Successful hiring managers draw on a diverse set of skills. They can quickly screen candidates, and spot a suspicious resume before wasting time with an interview. During the interview cycle, too, an ability to sniff out deception is critical, especially considering that purportedly 81 percent of candidates lie during interviews.

Traditional job interview questions tend to not be very illuminating; sometimes they simply prompt the candidate to rehash what's already on a resume or cover letter. Savvy hiring managers go beyond what they've already learned on paper, and get a better sense of how candidates think on their feet, deal with adversity, and see themselves fitting into (and helping shape) the organization's future. 

Here are how some top CEOs approach job interviews, and rely on questions that dig beneath the surface. 

1. Airbnb's Brian Chesky wants to hear about your life.

Chesky famously and opportunistically once decided to rent out his small living space as a "bed and breakfast" (albeit with airbeds) during a popular local conference. He was looking to make his rent payment, but he was also ready to capitalize on a solution that proved to have far more potential than he would have initially forecast. 

In interviews, Chesky wants to hear about accomplishments and solutions, not just rote recitations of climbing one corporate ladder or another. 

"I also ask people to summarize their life in three minutes," he told The New York Times in 2014. "I'm trying to figure out the formative decisions and experiences that influenced who you are as a person.

2. Warby Parker's Neil Blumenthal likes to get random. 

Hiring for cultural fit can be a dicey proposition, as sometimes biases -- hidden or otherwise -- can lead hiring managers away from great candidates who would have been star employees.

Still, while culture may be not be a make-or-break factor in an interview, it's of course important to get a sense of how candidates would fit into your organization.

That's why Blumenthal, amongst other business leaders, likes to throw curveballs during an interview. One favorite, as he explained to The New York Times, is "What was a recent costume you wore?"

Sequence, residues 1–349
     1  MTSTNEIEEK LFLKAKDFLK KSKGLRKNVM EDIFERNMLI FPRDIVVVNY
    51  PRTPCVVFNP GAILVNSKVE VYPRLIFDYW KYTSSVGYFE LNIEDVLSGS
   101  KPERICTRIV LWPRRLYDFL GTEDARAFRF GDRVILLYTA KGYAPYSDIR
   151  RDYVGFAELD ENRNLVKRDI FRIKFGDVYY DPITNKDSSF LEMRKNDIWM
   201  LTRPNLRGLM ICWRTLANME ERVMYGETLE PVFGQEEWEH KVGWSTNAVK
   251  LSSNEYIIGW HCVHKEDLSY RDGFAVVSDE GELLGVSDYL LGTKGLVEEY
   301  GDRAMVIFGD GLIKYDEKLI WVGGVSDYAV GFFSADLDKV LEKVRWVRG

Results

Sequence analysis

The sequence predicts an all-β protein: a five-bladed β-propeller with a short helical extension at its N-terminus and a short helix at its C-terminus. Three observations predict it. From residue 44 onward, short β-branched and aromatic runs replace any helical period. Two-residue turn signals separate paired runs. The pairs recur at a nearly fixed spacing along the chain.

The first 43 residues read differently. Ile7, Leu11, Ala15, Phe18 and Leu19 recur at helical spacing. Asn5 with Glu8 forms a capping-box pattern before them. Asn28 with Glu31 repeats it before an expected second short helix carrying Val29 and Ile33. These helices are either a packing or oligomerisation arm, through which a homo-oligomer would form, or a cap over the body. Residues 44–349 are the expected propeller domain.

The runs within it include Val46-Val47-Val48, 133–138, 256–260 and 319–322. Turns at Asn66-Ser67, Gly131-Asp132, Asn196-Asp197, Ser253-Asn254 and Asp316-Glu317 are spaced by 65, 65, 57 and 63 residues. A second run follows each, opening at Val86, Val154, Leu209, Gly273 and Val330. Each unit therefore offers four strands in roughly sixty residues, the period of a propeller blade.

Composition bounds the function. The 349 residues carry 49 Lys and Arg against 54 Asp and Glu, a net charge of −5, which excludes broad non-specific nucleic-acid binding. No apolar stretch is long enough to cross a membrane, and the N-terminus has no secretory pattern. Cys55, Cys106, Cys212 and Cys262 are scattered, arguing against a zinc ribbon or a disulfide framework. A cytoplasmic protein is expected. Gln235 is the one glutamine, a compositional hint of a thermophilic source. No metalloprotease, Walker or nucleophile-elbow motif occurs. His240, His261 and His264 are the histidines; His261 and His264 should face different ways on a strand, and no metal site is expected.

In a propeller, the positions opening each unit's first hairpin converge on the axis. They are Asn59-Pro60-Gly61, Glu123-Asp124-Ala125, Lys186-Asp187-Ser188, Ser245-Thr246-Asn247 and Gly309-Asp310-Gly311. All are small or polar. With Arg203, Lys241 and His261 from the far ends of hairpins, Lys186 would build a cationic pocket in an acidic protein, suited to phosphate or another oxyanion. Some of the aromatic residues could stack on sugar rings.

The point, of course, isn't that you have to wear costumes to get hired at Warby Parker. But if candidates respond in a way that suggests they take themselves a little too seriously, it's considered a red flag for a cultural fit. 

3. Amazon's Jeff Bezos grills candidates on accountability. 

Most job candidates are ready to rhapsodize about past triumphs, but Bezos frames questions designed to put the candidate on a hot seat. Hiring managers can often learn more about how candidates have responded (or would respond) to demanding day-to-day situations, like dealing with combative bosses or working under seemingly unfair deadlines. 

Essentially every employer wants creative problem solvers or results-oriented collaborators; often times they even state this directly on job descriptions, so hearing candidates describe themselves in those same terms isn't very revealing. Employers differ, though, on how they like to see employees face some of those challenges -- which makes it nearly impossible for candidates to develop a canned response that works for all situations.

4. Peter Thiel seeks contrarians.

The billionaire PayPal co-founder liked to find candidates who were willing to take a stand with an unpopular belief or opinion. In his book Zero to One, he wrote about his approach to job interviews -- and the importance of finding candidates who could articulate their reasons for discarding conventional wisdom or going against the grain of accepted truths. 

5. Yashi's Jay Gould wants you to play devil's advocate against yourself. 

Few things are more frustrating for candidates than to have to recount the same stories or give the same answers in interview after interview for the same employer. Yashi's Gould trusts his team members to vet candidates and cover experiences, and then he spends his time focused on culture and character.

His go-to question: asking candidates why he should decide against hiring them.

"If they they think too long, or can't answer the question at all, they may be hiding something," he explained to Fast Company in 2015. "If their answer is genuine then you have a contender."